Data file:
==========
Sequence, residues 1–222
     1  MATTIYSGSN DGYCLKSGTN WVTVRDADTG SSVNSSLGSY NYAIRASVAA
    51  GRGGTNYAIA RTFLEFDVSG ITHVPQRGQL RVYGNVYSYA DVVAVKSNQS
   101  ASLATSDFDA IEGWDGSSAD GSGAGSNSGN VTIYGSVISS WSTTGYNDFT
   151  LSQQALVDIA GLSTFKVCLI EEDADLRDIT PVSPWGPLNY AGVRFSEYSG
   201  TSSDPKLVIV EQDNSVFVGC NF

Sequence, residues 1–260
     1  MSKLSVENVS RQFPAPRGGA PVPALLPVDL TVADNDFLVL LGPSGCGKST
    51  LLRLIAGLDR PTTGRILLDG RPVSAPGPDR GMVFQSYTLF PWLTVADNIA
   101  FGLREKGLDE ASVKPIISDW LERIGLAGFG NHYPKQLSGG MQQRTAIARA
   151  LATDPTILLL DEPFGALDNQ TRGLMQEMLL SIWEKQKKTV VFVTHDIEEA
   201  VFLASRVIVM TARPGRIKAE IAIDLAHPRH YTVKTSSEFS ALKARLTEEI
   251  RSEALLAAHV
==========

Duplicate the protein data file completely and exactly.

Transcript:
Sequence, residues 1–222
     1  MATTIYSGSN DGYCLKSGTN WVTVRDADTG SSVNSSLGSY NYAIRASVAA
    51  GRGGTNYAIA RTFLEFDVSG ITHVPQRGQL RVYGNVYSYA DVVAVKSNQS
   101  ASLATSDFDA IEGWDGSSAD GSGAGSNSGN VTIYGSVISS WSTTGYNDFT
   151  LSQQALVDIA GLSTFKVCLI EEDADLRDIT PVSPWGPLNY AGVRFSEYSG
   201  TSSDPKLVIV EQDNSVFVGC NF

Sequence, residues 1–260
     1  MSKLSVENVS RQFPAPRGGA PVPALLPVDL TVADNDFLVL LGPSGCGKST
    51  LLRLIAGLDR PTTGRILLDG RPVSAPGPDR GMVFQSYTLF PWLTVADNIA
   101  FGLREKGLDE ASVKPIISDW LERIGLAGFG NHYPKQLSGG MQQRTAIARA
   151  LATDPTILLL DEPFGALDNQ TRGLMQEMLL SIWEKQKKTV VFVTHDIEEA
   201  VFLASRVIVM TARPGRIKAE IAIDLAHPRH YTVKTSSEFS ALKARLTEEI
   251  RSEALLAAHV